Ed Lynch, from the AptSoft acquisition, was on next for me talking about using Business Event Processing for an agile business response. This was interesting given IBM’s recent announcements on business event processing.
Charles Brett from Forrester began with an overview of Event Processing. Charles, like many, assumed that event processing was a narrowly focused approach suitable only for critical financial markets. However, now he feels that Event Processing is getting more attention and this interest often comes from the business. It has better awareness and more usage than they expected.
They divide events into internal and external IT events (technical events either generated by internal equipment or fed in by an outside, technical vendor) and internal and external non-IT events (machines on the shop floor, news feeds, arrival/departure information, RFID etc). These different kinds of events are used in different categories of processing:
- Systems and Operations Event Processing
Classic IT monitoring
- Business Activity Monitoring
- Rules-based processing
Not sure I would group this as a kind of event handling but I see his point and I might call this “decision management” 🙂
- Complex Event Processing
He showed a quadrant chart with Simple to Complexity of events and Human speed to Machine Speed as axes. Complex Event Processing is the top right segment in his mind.
- Business Event Management/Processing
- General Purpose Event-based Processing
These are not mutually exclusive. He gave some examples of event processing that were focused on non-IT events such as machine and pipeline events. One common factor is a desire to respond and change more quickly than IT can typically manage. His examples are mostly what I would consider event-based decision making in that it is not enough for the business to detect and correlate events, it must also be able to decide how to act in real-time, a classic decisioning problem. Many of the problems are more about using events to connect information from multiple systems than about any real-time correlation. The events could be written to a database and then processed overnight, for instance, and generate the same results. Nevertheless, it is the events to which the systems are responding I suppose.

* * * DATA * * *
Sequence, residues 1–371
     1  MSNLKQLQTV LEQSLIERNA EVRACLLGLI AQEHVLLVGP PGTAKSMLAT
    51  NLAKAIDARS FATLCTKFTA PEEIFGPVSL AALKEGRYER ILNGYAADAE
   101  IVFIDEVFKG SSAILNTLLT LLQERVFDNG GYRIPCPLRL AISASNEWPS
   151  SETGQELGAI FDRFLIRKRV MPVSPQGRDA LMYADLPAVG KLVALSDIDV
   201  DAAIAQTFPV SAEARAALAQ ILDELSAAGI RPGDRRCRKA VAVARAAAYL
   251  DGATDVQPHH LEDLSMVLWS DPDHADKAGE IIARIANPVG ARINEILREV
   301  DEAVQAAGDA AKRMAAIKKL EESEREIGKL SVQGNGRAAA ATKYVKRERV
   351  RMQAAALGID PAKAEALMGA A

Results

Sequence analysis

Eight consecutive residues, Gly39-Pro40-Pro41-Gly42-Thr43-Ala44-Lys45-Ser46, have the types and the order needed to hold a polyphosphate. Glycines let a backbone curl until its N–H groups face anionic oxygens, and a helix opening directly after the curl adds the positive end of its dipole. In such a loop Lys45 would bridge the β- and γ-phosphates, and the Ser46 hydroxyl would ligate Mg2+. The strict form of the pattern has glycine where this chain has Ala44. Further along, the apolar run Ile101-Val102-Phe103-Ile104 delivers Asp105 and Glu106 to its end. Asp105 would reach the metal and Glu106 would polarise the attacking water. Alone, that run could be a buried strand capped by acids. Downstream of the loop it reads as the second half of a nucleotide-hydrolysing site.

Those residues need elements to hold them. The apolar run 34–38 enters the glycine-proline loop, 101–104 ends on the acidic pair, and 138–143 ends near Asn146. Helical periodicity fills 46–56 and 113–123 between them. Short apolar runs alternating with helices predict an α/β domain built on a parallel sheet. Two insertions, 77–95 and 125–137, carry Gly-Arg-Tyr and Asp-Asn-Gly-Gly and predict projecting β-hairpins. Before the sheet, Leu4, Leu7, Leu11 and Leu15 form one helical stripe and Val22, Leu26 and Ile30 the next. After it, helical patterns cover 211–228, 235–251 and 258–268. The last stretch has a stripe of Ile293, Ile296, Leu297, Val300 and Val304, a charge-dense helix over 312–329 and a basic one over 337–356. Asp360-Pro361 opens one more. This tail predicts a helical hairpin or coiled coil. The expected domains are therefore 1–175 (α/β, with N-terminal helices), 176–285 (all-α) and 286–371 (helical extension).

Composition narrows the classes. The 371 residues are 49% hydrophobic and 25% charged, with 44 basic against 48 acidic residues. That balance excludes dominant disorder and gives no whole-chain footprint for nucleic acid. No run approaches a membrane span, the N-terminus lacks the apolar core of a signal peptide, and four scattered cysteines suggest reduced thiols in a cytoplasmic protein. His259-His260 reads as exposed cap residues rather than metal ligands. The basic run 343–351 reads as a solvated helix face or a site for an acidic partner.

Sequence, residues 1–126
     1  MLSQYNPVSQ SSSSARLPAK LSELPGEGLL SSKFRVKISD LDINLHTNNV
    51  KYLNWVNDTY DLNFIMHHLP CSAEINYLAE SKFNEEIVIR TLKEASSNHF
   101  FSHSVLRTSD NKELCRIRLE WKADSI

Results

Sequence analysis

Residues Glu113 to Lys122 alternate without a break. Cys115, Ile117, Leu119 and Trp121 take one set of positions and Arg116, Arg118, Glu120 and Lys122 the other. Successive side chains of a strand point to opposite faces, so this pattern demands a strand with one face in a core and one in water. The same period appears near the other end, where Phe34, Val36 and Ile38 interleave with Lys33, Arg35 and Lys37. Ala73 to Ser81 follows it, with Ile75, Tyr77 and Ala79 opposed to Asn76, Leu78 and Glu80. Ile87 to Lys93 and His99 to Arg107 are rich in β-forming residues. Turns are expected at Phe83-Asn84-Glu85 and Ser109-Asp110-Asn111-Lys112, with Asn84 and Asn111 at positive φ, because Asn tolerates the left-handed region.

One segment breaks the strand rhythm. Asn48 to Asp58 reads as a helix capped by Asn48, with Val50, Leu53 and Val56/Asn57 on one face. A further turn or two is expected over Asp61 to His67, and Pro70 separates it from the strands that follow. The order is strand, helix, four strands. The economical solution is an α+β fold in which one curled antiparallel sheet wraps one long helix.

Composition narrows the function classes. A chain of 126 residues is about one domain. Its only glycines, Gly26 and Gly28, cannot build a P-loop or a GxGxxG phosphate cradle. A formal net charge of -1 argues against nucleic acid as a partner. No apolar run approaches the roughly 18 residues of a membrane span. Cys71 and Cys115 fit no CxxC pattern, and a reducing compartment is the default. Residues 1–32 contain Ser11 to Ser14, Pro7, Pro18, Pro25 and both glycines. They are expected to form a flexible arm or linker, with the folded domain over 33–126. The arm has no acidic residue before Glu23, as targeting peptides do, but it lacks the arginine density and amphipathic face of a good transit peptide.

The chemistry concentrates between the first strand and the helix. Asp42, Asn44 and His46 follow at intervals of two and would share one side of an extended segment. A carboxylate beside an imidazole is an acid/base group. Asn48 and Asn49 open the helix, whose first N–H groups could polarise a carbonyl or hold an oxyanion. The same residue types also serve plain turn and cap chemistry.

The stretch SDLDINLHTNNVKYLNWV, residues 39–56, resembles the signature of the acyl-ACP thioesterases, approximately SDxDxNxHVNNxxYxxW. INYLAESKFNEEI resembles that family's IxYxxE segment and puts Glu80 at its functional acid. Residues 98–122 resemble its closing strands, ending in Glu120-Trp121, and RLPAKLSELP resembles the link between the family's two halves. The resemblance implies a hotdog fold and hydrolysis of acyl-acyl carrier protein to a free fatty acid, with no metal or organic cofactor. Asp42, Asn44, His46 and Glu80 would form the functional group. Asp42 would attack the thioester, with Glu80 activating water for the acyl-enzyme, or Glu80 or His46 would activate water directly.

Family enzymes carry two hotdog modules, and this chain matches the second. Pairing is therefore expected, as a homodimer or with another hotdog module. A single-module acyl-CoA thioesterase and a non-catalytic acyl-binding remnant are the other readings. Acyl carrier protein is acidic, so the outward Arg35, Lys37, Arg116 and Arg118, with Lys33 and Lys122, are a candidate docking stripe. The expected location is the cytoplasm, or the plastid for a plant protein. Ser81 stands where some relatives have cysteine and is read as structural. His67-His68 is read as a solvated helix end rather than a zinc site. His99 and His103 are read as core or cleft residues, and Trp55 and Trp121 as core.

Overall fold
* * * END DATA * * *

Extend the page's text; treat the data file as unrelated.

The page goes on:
He went on to discuss how Event Processing relates to SOA. Real-time is becoming more and more important, time in general is becoming more important. Event processing can and should use service-based resources through an ESB, for instance, and in many ways Event Processing extends SOA.
Event processing is NOT about throughput but about complexity and the importance of the time definition. Don’t hold off waiting for high throughput and listen to the business people who know what the business events really are. Event processing can and should extend IT and SOA. He ended with a slide, which I edited slightly:
Business people recognize the events that matter, IT rarely does.
This led into the IBM part of the presentation where Ed presented on Business Event Processing with IBM. A business person needs their business to respond to opportunities that can be sensed and processed. They might figure this out by data mining, by experience or by examining historical events. However, although the business understand the business events that matters they can’t do it themselves.
The intent of the new product is to put power in the hands of business users so they can collaborate with IT – an attitude I like when discussing rules. The business users wants to be able to access certain events and take certain actions, and these typically require the IT department to expose those event streams and action hooks.
They have identified 5 event processing patterns around detect, decide and respond:
- Information dissemination
- Business monitoring
- Active diagnostics
- Predictive Processing
- Service Availability
WebSphere Business Events is about helping the business folks manage the business monitoring scenario – to express and then deploy correlations and actions to be taken.
- IT goes first, and surfaces the events by giving meaning to existing technical events. Simialrly they surface available actions
- Business people use a rule template, essentially, to express a pattern or filter – Event-Condition-Action – where the events are those made available, as are the actions. The information in the event can be used in the conditions.
- The event flow is assembled by combining the events and filters into a flow – when an event arrives, that passes the filter, you move to the next step.
- The event flow ends with an action, from the list, to execute.
Essentially various event sources put events into the “event cloud”. Some of these have been surfaced so you can define correlation patterns and drive the actions you want using services, processes etc. Because the correlation patterns are declarative, you can keep changing them. You can add new steps and hot deploy them. WebSphere Business Events allows you to have business users manage these correlations dynamically. The simplicity of authoring is what they regard as the key factor – the use of declarative rules using a friendly, template driven user interface – the need to make sure rules can be managed in business terms is always key (wiki entry).
It is clear to me that one possible outcome is the triggering of a decision service that is also controlled by the business, though clearly there is overlap with the rules in the correlation. Perhaps I would describe these as event decisions or, as someone at Tibco once said, an Event-Decision Architecture. As usual, though, the issue is going to be how dependent the rules are on technology implementation. Those related to real business issues (good customer, best offer, eligible, product pricing) should be in decision services while those related to event correlation should not be.
An interesting session – more on event processing to come on the blog soon.